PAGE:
Twistery #23 solution.

Although she’d been dead for 11 hours, her killer’s name was still on her lips.


The real mystery was how Louise Appleby came to be sharing a house with a group of people she hated and who, in turn, hated her.

Once, perhaps, they had been friends. But the things that they had in common turned out to be the things that each of them valued least in their lives. They had been thrown together for three years at university. Since graduating, that temporary co-existence was beginning to seem more like an accident than a bond.

Louise worked as a receptionist in a publishing company. The pay was derisory, but she saw the job as the first rung on a career ladder. Truth be told, there would be many rungs to climb before the money came close to what some of her housemates were already earning.

The others had all gone into highly paid sectors: the city, law, management consultancy, executive recruitment… They might not be earning mega-bucks yet, but they soon would be.

She was sure her housemates thought she was stupid. Why else would you go into an industry that was only ever going to pay you a pittance, relatively speaking? She couldn’t begin to answer that question in a way they would understand.

Louise, in her turn, was shocked by the superhuman shallowness of her companions. It was not simply their fixation with the acquisition of money. These were intelligent, educated young women who still liked to paint each other’s toe nails while passing round the latest celebrity magazines.

Louise didn’t know one end of an eye pencil from the other. She could no more bring herself to squeal over a handbag or a pair of shoes than she could fake an orgasm. And she was more interested in the latest Orange Prize winner than who was shagging this or that Premier League footballer.

Admittedly, they did it all with a certain post-feminist irony. They made heroes of Tyra Banks and Elle Woods and called each other “girlfriend”. Maybe, working in male-dominated workplaces, they saw this as a way of reasserting their femininity. Or maybe they saw it as empowering in some way. Louise, though, couldn’t see the point to any of it.

Perhaps that was why she had to die.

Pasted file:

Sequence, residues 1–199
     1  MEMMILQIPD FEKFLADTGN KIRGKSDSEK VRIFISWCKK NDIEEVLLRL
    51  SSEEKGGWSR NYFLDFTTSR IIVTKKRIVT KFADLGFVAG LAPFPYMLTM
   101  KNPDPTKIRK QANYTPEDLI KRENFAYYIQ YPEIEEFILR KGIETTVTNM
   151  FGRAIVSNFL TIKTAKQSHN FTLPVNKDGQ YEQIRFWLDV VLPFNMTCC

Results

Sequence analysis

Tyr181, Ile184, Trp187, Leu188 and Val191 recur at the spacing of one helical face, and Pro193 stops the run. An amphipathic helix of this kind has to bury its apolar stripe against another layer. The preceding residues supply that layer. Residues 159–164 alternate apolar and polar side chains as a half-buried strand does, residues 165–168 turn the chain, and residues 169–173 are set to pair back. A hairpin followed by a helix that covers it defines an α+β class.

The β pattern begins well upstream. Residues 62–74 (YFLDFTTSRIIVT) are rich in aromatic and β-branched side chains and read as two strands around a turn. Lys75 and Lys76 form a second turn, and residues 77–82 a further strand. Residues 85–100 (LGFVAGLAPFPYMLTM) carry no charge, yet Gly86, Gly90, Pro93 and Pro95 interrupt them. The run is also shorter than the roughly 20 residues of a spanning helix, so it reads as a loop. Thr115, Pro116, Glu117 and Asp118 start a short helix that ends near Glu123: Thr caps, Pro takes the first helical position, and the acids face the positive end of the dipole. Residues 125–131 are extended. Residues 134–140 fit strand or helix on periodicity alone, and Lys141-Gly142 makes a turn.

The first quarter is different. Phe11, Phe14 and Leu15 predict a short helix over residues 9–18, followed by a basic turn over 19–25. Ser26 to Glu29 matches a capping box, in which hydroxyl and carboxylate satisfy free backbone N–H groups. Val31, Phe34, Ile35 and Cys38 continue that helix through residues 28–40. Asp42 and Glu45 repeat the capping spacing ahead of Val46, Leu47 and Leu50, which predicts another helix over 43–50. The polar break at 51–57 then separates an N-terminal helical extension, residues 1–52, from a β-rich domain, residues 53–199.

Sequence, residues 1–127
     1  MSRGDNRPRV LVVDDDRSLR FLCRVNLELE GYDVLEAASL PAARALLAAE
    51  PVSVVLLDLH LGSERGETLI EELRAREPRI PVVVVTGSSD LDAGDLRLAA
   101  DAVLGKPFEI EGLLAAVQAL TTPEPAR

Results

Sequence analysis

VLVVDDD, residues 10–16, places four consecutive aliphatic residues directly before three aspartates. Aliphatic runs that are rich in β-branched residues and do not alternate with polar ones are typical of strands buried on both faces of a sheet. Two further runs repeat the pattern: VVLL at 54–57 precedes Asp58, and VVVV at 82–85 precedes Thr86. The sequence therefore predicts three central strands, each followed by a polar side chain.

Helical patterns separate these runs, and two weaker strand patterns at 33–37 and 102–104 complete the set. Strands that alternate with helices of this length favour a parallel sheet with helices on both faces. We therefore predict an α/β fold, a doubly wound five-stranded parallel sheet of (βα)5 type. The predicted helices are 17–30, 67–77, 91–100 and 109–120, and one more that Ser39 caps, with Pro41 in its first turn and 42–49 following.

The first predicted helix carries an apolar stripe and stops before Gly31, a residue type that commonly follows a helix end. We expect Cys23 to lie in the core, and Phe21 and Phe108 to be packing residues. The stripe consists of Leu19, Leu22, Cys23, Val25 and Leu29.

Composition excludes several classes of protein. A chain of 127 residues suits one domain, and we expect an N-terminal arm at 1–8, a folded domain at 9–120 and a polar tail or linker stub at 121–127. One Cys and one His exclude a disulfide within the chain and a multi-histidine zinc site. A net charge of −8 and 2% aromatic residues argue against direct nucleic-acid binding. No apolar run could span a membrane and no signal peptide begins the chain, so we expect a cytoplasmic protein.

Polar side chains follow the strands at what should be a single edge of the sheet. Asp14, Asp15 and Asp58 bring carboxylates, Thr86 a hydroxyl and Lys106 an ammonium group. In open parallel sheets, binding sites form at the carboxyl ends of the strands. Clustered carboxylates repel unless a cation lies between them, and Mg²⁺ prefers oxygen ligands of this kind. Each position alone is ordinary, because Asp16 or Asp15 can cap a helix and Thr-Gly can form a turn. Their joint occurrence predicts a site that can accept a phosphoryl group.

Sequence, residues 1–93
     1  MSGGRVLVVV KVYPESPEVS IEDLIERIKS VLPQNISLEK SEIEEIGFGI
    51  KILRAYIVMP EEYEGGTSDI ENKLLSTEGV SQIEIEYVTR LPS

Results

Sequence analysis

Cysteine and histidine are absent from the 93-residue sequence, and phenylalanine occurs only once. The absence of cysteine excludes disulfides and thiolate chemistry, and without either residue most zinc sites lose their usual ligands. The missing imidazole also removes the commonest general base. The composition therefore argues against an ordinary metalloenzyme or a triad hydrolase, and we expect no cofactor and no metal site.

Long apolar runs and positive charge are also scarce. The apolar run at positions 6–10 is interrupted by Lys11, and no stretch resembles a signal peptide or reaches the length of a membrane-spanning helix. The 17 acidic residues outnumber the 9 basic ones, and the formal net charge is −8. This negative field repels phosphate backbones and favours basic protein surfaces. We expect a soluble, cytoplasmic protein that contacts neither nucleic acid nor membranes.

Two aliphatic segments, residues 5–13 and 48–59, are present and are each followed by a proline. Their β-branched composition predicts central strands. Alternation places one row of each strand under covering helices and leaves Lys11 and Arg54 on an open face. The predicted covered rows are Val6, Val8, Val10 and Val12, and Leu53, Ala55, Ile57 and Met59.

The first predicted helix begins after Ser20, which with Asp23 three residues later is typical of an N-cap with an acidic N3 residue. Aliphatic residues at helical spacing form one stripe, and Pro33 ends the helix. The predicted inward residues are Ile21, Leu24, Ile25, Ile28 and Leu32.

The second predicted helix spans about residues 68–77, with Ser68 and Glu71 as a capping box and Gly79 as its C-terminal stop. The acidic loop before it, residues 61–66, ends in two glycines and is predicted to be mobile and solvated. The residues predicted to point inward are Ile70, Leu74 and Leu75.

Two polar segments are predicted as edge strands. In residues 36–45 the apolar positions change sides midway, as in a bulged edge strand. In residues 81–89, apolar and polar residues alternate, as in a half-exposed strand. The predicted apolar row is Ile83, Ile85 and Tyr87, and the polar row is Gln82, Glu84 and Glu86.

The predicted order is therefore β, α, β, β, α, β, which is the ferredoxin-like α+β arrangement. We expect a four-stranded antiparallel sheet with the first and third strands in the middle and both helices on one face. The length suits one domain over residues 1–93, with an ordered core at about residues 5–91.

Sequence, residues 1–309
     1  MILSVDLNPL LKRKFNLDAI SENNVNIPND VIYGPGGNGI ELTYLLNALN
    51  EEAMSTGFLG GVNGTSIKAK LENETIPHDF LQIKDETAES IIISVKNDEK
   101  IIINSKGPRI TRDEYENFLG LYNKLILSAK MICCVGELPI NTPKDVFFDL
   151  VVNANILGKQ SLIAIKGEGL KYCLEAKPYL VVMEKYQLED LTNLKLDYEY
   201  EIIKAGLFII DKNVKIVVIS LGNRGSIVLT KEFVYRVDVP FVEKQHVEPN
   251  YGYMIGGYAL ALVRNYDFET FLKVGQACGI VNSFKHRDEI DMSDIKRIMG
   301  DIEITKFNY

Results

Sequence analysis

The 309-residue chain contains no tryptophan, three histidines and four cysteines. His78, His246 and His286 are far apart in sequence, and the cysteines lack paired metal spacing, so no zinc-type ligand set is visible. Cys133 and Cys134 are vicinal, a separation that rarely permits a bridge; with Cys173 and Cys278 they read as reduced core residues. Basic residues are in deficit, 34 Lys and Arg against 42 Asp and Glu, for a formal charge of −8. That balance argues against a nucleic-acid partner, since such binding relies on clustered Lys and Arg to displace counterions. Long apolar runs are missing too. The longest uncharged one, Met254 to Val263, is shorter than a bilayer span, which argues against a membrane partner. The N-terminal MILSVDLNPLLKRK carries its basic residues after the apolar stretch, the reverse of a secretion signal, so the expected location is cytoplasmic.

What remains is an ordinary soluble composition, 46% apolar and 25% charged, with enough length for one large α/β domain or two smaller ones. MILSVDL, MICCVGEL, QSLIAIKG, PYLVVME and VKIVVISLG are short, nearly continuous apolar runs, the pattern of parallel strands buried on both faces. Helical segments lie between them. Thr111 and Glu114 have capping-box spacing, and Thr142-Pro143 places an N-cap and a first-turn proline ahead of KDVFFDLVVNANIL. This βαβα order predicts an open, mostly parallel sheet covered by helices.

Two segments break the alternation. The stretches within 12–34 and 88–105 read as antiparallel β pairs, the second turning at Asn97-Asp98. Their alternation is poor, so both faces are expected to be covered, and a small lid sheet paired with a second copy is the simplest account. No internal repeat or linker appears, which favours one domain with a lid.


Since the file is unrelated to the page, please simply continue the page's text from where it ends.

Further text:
There was every indication that she knew she was going to die, and she knew who her killer would be. Though perhaps she had not been able to foresee the precise form her death would take: a stainless steel nail file plunged into her temple.

Almost all of her housemates commented, with varying degrees of bitchiness, that she had died wearing lipstick. That was so not Louise, was the consensus.

“So not Louise,” repeated DCI Stafford. “What do you make of that, Ringer?”

“Perhaps she had a date,” suggested DS Ringer. “Maybe that’s your motive. A love triangle?”

“Maybe. Or maybe she was trying to tell us something. The others said she never normally wore make-up of any kind. They didn’t even know she owned any.”

“We don’t always know everything about everyone we share our lives with,” said Ringer.

“What are you? Some kind of philosopher?”

“I did actually study philosophy at uni, yes, guv.”

Stafford gave a brief masterclass in independent eyebrow control. The effect was somehow insulting to both Ringer and his chosen degree subject. “I want you to go over her room with a fine tooth comb.”

“What am I looking for?”

“Can’t you work it out? You with your philosophy degree?”

Ringer’s look was wounded.

The guv’nor spelled it out for him. “Find the lipstick. Find the lipstick and it will lead us to the murderer.”

“How can you be so sure?”

“Because I didn’t study philosophy… at uni.”

A single stick was all they found. Stafford read out the name of the shade.

“Sounds like a pornstar name,” said Ringer.

“Good boy,” said Stafford. “You haven’t been completely spoilt by philosophy. We’re taking in their laptops. All of them.”

The killer, it seemed, was housemate Christina Morello, an ambitious articled clerk with a promising career in city law ahead of her. Provided she could keep her double life as a webcam exhibitionist secret, that is.

Somehow Louise must have found out. Her own browsing history hinted that she was struggling with a shameful addiction to web porn. It seems she had stumbled on her housemate’s online displays while looking for voyeuristic stimulation.

Emails between the two of them revealed that Louise had tried to blackmail Christina, threatening to reveal her secret identity as “Crystal Cherry” – her chatroom moniker. By a strange coincidence, it was also the name of the shade of Estée Lauder lipstick which Louise had been wearing. Perhaps she had bought it to mock Christina, to remind her of the power she now had over her.

At any rate, it was enough to make Crystal Cherry see red.


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